By Sarah Gonzalez, Director of Communications and Digital Media
Climate change could pose systemic risks to the U.S. financial system, according a report published by a Commodity Futures Trading Commission (CFTC) advisory panel on Sept. 9.
“The central message of this report is that U.S. financial regulators must recognize that climate change poses serious emerging risks to the U.S. financial system, and they should move urgently and decisively to measure, understand and address these risks,” noted the report, dubbed Managing Climate Risk in the U.S. Financial System.
The report, commissioned by Rostin Behnam, one of two Democrats on the five-member CFTC, was released by the agency’s Climate-Related Market Risk Subcommittee of the Market Risk Advisory Committee (MRAC).
“The physical impacts of climate change are already affecting the United States…the transition to net-zero emissions may also impact many segments of the economy,” stated the 196-page report. “Both physical and transition risks could give rise to systemic and sub-systemic financial shocks, potentially causing unprecedented disruption in the proper functioning of financial markets and institutions.”
This report recommended an economy-wide price on carbon be put in place “at a level that reflects the true social cost of those emissions,” while also noting that “pricing carbon is beyond the remit of financial regulators; it is the job of Congress.”
The subcommittee’s report is the first of its kind from a government entity to examine threats of a changing climate to U.S. financial stability.
Each of the subcommittee’s 34 members, which included representatives from Cargill Inc., Bunge North America, and the CME Group, voted to release the report, but some remained neutral on its recommendations. A disclaimer included in the report stated its views “do not necessarily” reflect those of the CFTC or the federal government.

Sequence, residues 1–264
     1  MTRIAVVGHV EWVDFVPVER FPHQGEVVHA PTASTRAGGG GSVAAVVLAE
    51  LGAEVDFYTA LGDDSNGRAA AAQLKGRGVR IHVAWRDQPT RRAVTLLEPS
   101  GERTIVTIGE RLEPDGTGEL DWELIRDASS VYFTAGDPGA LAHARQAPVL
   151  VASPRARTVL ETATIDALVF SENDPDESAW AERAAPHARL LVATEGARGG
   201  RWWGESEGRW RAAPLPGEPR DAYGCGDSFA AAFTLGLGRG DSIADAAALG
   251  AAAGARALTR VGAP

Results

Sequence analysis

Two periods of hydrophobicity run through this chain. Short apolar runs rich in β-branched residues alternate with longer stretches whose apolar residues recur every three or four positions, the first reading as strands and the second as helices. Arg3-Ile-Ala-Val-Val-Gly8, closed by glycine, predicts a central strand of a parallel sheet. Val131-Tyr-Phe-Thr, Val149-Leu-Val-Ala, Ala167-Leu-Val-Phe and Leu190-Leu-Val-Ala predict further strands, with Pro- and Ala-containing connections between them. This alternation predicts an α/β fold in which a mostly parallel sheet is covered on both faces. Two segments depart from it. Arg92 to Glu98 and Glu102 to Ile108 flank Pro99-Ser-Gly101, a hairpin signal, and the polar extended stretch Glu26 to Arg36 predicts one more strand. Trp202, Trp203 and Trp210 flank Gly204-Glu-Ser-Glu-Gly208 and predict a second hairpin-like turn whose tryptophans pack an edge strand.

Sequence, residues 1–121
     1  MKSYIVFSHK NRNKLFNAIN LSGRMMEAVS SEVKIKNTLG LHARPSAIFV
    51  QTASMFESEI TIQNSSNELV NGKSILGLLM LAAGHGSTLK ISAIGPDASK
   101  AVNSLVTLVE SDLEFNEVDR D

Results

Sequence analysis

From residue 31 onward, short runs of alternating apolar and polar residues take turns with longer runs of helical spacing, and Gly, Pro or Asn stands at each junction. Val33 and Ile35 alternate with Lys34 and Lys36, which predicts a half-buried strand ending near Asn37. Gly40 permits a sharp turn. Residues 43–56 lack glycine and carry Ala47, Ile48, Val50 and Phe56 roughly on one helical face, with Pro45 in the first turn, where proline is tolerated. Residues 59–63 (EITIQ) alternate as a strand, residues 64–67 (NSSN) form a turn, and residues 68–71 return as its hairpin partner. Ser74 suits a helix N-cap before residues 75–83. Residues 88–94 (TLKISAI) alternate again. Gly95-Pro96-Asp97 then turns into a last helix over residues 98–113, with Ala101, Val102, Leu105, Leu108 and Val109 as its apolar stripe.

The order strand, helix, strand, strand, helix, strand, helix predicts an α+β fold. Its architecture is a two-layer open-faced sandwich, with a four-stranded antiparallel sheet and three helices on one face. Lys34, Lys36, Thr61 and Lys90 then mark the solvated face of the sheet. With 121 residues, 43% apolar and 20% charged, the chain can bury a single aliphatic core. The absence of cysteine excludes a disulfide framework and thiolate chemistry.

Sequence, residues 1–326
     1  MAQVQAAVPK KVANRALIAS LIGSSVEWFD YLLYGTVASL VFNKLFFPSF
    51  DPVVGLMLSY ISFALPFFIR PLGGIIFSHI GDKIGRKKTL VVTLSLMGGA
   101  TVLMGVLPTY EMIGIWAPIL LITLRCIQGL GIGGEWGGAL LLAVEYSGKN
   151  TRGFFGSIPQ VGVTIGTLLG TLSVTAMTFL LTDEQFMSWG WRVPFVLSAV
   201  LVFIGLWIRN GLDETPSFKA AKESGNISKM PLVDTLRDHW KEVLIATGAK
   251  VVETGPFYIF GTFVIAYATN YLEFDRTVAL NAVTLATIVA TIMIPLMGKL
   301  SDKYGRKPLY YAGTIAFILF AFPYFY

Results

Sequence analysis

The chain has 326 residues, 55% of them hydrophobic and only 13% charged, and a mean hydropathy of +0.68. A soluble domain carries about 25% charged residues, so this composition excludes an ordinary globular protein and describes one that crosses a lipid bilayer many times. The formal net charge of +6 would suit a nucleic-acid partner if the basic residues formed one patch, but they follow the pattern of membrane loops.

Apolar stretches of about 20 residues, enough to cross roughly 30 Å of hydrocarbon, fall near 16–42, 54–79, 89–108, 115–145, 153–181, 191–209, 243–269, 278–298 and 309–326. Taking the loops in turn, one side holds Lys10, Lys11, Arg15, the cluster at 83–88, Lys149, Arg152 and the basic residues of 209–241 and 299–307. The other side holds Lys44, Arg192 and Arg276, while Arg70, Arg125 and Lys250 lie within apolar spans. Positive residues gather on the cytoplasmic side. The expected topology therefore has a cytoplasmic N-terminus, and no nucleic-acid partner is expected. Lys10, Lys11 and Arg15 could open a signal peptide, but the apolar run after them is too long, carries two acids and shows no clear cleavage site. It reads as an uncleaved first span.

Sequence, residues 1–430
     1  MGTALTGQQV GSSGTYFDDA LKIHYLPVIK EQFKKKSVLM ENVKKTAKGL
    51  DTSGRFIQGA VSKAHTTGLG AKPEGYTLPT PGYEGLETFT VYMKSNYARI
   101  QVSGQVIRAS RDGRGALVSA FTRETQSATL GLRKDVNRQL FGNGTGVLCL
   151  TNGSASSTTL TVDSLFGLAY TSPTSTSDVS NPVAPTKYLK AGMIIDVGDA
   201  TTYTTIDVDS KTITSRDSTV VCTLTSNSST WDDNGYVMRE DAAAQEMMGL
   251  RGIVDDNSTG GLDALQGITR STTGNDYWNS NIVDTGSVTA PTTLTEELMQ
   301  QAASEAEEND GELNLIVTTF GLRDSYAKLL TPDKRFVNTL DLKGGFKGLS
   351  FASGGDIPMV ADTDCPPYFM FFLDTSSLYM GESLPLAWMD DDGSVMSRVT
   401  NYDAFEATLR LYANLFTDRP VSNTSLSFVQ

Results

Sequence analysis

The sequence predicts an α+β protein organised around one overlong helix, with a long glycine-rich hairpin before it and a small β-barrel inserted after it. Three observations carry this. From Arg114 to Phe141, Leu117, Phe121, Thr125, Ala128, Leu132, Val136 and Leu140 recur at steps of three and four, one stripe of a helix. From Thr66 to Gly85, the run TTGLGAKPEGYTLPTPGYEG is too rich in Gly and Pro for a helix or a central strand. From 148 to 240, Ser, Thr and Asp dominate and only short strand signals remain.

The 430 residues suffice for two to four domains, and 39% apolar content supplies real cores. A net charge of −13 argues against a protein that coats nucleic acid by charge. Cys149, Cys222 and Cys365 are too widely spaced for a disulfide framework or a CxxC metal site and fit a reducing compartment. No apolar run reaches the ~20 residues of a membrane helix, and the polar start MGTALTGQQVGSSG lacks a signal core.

A press release announcing the release of the report, which includes 53 recommendations to mitigate climate change risks to the financial system, outlined the report’s conclusions:
- Climate change poses a major risk to the stability of the U.S. financial system and to its ability to sustain the American economy;
- Climate risks also may exacerbate financial system vulnerability that have little to do with climate change; including vulnerabilities caused by a public health pandemic that has stressed balance sheets, strained government budgets and depleted household wealth;
- U.S. financial regulators need to recognize that climate change poses serious emerging risks to the U.S. financial system, and they should move urgently and decisively to measure, understand and address these risks;
- Existing statutes already provide U.S. financial regulators with wide-ranging and flexible authorities that could be used to start addressing financial climate-related risk now;
- Regulators can help promote the role of financial markets as providers of solutions to climate-related risks; and
- Financial innovation is required not only to efficiently manage climate risk but also to facilitate the flow of capital to help accelerate the net-zero transition and increase economic opportunity.
In a Sept. 8 letter of support published along with the report, John Hartmann, the global sustainability lead for Cargill Agricultural Supply Chain, said the report’s capital allocation recommendations “state that efforts should aim to facilitate an orderly transition, where possible, avoiding adding financial strain on already stressed sectors, including agricultural producers and commercial and industrial companies, among others. We believe the future path should generate positive incentives that realize the potential of nature and agricultural-based climate change solutions and avoid adding financial strain to agricultural producers.”